Photo: Brendan Smialowski/AFP via Getty Images

President Trump on Wednesday tweeted congratulations to Marjorie Taylor Greene, a vocal QAnon conspiracy theorist who won the Republican nomination in Georgia's deep-red 14th Congressional District runoff.

Why it matters: The president's approval illustrates how the once-fringe conspiracy theory has gained ground within the GOP. Greene is among the at least 11 GOP candidates for Congress who have openly supported or defended the QAnon movement or some of its tenets, per Axios' Jacob Knutson.

What he's saying: "Congratulations to future Republican Star Marjorie Taylor Greene on a big Congressional primary win in Georgia against a very tough and smart opponent. Marjorie is strong on everything and never gives up - a real WINNER!" Trump tweeted.

How it works: QAnon is a far-right conspiracy theory that purports without proof that posts by an anonymous internet user from within the federal government are alluding to a secret war that the "deep state" is waging against President Trump.

  • Its growing influence is sowing fear and confusion around some of today's most important issues, such as election integrity and the coronavirus pandemic, write Axios' Stef Kight and Sara Fischer.
  • The FBI identified QAnon and other fringe conspiracy theories as domestic terrorist threats in 2019, according to Yahoo News.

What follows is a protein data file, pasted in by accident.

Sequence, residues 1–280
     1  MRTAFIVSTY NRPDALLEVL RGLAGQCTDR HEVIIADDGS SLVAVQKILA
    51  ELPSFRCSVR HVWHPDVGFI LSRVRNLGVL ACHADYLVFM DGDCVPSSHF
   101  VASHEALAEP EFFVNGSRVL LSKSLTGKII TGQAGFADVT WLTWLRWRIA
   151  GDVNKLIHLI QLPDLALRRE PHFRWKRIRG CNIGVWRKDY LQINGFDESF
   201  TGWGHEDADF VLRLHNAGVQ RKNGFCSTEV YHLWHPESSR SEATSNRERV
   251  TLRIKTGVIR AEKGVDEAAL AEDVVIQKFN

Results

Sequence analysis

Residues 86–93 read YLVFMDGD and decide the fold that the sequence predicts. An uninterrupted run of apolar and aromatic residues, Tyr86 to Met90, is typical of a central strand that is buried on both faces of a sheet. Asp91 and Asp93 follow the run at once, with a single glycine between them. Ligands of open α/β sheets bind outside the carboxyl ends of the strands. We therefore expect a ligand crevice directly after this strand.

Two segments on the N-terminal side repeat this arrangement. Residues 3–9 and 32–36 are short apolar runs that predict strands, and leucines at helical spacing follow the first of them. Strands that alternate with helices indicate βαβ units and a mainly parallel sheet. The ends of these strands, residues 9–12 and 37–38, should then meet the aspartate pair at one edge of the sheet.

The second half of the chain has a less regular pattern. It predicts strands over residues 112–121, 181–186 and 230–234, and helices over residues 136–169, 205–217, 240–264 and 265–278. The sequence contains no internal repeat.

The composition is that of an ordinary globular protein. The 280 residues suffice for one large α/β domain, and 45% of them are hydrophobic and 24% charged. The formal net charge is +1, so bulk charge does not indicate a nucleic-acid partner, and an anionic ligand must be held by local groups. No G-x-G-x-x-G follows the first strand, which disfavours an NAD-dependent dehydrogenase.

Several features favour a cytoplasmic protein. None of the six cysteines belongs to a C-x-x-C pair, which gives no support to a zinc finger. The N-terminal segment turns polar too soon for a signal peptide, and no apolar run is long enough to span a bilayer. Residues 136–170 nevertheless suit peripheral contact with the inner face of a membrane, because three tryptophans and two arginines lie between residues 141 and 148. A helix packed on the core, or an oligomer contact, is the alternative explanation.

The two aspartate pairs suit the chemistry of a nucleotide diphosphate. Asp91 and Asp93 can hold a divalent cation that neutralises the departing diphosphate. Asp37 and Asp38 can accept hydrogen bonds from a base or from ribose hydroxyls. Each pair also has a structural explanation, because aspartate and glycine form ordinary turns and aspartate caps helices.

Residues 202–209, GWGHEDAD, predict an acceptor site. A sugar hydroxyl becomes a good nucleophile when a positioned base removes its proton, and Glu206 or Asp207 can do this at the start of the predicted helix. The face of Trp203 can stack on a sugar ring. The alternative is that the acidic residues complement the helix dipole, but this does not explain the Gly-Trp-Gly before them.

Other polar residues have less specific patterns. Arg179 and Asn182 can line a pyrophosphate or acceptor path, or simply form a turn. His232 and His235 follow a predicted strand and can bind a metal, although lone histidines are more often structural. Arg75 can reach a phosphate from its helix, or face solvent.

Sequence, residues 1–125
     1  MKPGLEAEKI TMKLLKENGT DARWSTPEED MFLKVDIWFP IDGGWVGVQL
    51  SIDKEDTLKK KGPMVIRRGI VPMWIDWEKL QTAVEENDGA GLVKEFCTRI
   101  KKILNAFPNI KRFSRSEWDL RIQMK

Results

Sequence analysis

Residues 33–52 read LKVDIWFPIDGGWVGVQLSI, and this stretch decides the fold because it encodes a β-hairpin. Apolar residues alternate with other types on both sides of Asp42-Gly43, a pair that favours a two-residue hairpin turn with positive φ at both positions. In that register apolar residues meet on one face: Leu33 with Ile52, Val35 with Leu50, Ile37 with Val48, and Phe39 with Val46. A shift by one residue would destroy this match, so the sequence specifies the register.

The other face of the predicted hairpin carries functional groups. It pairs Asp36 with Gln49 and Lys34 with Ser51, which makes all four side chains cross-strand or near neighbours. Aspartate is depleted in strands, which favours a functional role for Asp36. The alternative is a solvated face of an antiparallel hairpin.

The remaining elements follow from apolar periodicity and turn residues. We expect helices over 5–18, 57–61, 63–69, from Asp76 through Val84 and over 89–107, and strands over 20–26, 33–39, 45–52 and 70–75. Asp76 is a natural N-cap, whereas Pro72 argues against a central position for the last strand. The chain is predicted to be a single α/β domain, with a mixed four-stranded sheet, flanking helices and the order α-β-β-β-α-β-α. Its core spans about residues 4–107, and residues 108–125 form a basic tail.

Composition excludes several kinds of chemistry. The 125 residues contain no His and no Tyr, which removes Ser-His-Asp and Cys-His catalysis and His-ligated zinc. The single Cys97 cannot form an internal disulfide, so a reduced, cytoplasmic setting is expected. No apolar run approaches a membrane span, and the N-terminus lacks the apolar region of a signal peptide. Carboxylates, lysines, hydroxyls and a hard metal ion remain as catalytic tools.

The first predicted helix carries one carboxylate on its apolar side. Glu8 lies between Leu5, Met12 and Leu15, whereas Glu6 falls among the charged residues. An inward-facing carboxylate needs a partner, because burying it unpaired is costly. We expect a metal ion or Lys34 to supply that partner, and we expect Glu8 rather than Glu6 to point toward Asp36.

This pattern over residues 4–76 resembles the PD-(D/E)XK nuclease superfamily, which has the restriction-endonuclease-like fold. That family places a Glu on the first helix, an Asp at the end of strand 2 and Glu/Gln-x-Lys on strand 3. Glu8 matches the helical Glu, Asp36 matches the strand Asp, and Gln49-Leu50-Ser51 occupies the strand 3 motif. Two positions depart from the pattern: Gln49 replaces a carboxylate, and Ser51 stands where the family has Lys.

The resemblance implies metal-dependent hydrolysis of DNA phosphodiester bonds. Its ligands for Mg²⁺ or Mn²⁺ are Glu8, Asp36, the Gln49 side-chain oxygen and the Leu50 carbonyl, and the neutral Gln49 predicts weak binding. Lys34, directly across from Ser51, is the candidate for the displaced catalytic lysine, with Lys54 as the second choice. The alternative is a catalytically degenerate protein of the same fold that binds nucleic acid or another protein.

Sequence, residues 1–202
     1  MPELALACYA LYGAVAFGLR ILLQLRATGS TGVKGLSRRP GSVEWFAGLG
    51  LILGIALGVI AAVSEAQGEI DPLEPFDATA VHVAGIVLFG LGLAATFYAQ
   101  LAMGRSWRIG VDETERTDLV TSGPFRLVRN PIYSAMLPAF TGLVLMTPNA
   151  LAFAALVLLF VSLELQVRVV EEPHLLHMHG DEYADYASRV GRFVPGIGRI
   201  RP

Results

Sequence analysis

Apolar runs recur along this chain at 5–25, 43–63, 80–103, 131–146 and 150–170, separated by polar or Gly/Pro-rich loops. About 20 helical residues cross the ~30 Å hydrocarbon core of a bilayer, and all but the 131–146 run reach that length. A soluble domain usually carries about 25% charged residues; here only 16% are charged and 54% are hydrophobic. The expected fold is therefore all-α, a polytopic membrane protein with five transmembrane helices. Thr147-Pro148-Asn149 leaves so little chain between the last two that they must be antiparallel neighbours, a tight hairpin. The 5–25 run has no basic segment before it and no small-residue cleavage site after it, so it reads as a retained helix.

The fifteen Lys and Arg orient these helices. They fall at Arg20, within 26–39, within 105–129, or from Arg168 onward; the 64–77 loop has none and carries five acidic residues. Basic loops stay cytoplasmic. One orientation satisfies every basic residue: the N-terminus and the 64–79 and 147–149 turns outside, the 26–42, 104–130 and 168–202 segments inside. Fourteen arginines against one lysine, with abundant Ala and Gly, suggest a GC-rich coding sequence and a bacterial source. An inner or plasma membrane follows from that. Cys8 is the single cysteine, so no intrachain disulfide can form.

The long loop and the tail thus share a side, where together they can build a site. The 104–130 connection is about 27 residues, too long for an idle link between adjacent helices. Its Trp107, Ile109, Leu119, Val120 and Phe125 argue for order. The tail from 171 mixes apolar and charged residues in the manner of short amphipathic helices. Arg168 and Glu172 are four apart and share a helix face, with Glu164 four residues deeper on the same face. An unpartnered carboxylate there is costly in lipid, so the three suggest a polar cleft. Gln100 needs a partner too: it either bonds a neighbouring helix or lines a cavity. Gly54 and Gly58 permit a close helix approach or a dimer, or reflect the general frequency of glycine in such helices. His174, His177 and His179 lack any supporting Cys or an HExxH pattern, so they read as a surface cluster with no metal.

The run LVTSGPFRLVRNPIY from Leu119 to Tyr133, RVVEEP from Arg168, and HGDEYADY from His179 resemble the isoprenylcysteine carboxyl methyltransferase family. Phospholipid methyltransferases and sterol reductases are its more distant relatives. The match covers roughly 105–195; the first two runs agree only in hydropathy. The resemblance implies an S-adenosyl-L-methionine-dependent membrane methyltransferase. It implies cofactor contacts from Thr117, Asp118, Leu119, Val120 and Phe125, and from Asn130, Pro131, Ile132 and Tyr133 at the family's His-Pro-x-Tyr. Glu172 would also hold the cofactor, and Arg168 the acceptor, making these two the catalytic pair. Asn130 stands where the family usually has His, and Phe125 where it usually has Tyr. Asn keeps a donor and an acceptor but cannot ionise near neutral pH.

Go deeper

Poll: One-third of Americans are open to QAnon conspiracy theories

A car with references to the QAnon conspiracy theory, which the FBI identified as a domestic terror threat, before a Trump rally. Photo: Caitlin O'Hara/Getty Images

More than one-third of Americans think it's possible that elites in Hollywood, government and the media "are secretly engaging in large scale child trafficking and abuse," according to new polling for a U.K.-based anti-racism advocacy group reviewed by Axios.

The big picture: New findings by the group HOPE not Hate show 1 in 10 Americans say they are at least "soft" supporters of the QAnon conspiracy theory movement and suggest that distrust in U.S. political systems could fuel further unrest in a fraught election year.

Updated 13 mins ago - Politics & Policy

Coronavirus dashboard

Illustration: Sarah Grillo/Axios

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  2. Health: 13 states set single-day case records last week
  3. Business: Where stimulus is needed most.
  4. Education: The dangerous instability of school re-openings.
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Republicans and Dems react to Coney Barrett's Supreme Court confirmation

President Trump stands with Judge Amy Coney Barrett after she took the constitutional oath to serve as a Supreme Court justice during a White House ceremony Monday night .Photo: Tasos Katopodis/Getty Images)

President Trump said Judge Amy Coney Barrett's Senate confirmation to the Supreme Court and her subsequent taking of the constitutional oath Monday was a "momentous day," as she she vowed to serve "without any fear or favour."

Of note: As Republicans applauded the action, Democratic leaders warned of consequences to the rush to replace the late liberal Justice Ruth Bader Ginsburg with a conservative so close to the election, as progressives led calls to expand the court.